Fill Of The Week #19

Here’s fill of the week #19, be warned we’re going where no fill has gone before… over TWO bar lines!

Fill of the week #19 is a 7-note grouping played over 16th notes. This is a good way to get used to playing 7-note groupings before you try applying them to 16th note triplet or 32nd note fills.

I’d often hear drummers talk about 7-note groupings but when I tried to apply them to a one bar 16th note fill they often didn’t sound right. You can only get 2 and a bit 7-note groups in a bar. I discovered that if I played the group 3 times though it sounded quite nice.

A 7-note grouping played 3 times though gives us 21 notes, which is 5 too many for a bar of 16th notes. If I started the fill on beat 1 and went over the bar line, the fill would finish on beat 2 and that just sounded strange and made it hard to get back into the groove. Therefore, I shifted everything back 2 16th notes so it starts on the “&” of 4 and finishes on the “&” of 1. This allows us to put a crash on beat 2 with the snare drum and get back into our groove easily.

If you’ve never ventured over the bar line before, you might want to check out Fill Of The Week #14 which goes over only 1 bar line with 5-note groups.

Learn The Fill

First of all, we want to get comfortable playing the 7-note grouping. Here it is written out in 7/16 time. You can count 1, 2, 3, 4, 5, 6, Sev while playing it.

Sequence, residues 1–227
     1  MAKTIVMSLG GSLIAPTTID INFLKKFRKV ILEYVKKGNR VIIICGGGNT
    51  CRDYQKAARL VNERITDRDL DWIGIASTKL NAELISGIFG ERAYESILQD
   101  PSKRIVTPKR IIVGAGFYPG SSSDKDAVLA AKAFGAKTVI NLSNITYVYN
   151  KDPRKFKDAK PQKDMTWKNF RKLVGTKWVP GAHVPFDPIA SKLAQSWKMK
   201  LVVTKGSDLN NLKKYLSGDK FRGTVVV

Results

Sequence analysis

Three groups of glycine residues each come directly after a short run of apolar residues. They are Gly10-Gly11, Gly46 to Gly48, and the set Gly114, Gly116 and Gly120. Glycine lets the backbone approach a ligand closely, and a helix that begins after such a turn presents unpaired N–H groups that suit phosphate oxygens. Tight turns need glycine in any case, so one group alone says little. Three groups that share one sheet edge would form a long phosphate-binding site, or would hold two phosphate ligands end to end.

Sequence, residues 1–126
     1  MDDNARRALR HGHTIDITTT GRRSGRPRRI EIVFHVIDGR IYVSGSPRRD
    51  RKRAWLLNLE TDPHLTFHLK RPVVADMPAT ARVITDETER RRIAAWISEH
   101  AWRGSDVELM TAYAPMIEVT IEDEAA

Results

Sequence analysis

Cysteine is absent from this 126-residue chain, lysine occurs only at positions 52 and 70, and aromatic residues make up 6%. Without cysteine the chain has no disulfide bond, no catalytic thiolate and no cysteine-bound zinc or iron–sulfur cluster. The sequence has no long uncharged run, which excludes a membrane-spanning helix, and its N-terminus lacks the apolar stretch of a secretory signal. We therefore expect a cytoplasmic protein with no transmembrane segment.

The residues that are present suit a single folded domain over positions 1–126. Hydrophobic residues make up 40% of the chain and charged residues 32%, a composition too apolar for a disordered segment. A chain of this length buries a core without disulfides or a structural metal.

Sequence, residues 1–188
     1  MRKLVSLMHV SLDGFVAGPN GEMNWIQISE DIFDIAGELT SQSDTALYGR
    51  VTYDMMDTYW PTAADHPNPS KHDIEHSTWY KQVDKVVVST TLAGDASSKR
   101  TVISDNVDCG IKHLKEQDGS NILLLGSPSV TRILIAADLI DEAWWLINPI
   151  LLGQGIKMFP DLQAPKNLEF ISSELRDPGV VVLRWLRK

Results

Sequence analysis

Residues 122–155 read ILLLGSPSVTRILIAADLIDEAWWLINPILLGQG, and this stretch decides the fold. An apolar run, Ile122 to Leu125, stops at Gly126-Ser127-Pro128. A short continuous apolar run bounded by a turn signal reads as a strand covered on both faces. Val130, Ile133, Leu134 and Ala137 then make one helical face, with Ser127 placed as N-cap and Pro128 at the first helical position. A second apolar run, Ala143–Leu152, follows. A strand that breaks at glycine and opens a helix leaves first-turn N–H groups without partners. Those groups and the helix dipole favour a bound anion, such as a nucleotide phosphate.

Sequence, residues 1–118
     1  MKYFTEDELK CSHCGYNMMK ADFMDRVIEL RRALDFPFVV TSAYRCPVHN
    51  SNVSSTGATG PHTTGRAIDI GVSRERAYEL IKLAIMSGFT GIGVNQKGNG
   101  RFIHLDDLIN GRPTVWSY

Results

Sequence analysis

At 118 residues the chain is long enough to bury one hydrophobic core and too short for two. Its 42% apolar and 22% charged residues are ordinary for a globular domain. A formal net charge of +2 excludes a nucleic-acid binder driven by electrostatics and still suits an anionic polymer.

basic 7 note pattern.
The Basic Pattern – Get It Down!

Try to repeat it without any gaps between the end of one cycle and the beginning of the next. You want to be able to move smoothly from 1 cycle to the next.

Once you can play it 3 times in a row smoothly, then we can put it into 4/4 time. Here is the full fill with the counting and the 7 note grouping clearly marked:

the full fill
Go slow & count

Work with a metronome on this. Don’t bother playing a beat to start with, just focus on starting the fill on the “&” of 4 of one bar and finishing it on the “&” of 1 two bars later – playing smooth 16th notes all the way. Start at 40-60bpm.

I find that taking note of where each group of 7 starts, helps me to check I’m doing it correctly. I should be hitting the High Tom on the “&” of 4 of the first bar and on the “e” of 2 and beat 4 of the 2nd bar.

If this is your first time playing groups of 7 or going over the bar line with a fill, then take your time & go slow and count. ‘

If you want a shorter version of this fill, then truncate the last 3 notes so it becomes a 7,7,4 fill and ends nicely at the end of the bar – like this:

I’m afraid we’re going to have to amputate your last 3 notes

Take It Further

The simplest way to take this further is to just move around the hands around the kit in a different manner. Try these variations:

simple variations on the drum fill
RLRLRLK repeat

All of the above variations use the same sticking pattern as the original grouping. Try creating some of your own.

If you are comfortable with 6 note patterns such as the paradiddle-diddle (RLRRLL), double paradiddle (RLRLRR/LRLRLL) or 6 stroke roll (RLLRRL) then try adding a bass drum to the start or the end to create a 7 note pattern. Try these:

7 note grouping using paradiddle-diddles, double paradiddles and 6 stroke rolls
Double para-roll-a-ma-diddle what?

The first of the 3 variations above uses the Paradiddle-diddle, the second variation is a cool sound hi-hat/snare/bass fill using the double paradiddle and the final one uses the 6 stroke roll.

While playing with the 6 stroke roll version I also came across RLLRRKK. That’s also a great sounding pattern worth exploring.

I hope you have fun exploring 7-note groupings with fill of the week #19. If you’re in Singapore and you’d like a free trial drum lesson, send us a message on the contact us page.